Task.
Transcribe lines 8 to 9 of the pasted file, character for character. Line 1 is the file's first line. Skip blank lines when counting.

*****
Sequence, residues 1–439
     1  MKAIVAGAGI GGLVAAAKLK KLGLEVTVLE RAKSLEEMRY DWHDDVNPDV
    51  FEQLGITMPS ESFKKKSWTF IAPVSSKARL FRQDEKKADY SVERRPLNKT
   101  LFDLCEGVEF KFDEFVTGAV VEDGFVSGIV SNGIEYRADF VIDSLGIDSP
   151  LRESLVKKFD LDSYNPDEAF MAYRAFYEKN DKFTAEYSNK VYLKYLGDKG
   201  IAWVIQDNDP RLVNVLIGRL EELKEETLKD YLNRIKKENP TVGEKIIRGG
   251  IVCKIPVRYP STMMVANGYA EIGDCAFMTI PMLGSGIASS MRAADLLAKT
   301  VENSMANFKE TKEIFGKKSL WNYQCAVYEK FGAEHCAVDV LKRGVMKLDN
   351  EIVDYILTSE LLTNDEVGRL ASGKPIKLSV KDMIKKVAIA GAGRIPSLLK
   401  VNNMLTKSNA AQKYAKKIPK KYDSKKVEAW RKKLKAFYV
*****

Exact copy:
   301  VENSMANFKE TKEIFGKKSL WNYQCAVYEK FGAEHCAVDV LKRGVMKLDN
   351  EIVDYILTSE LLTNDEVGRL ASGKPIKLSV KDMIKKVAIA GAGRIPSLLK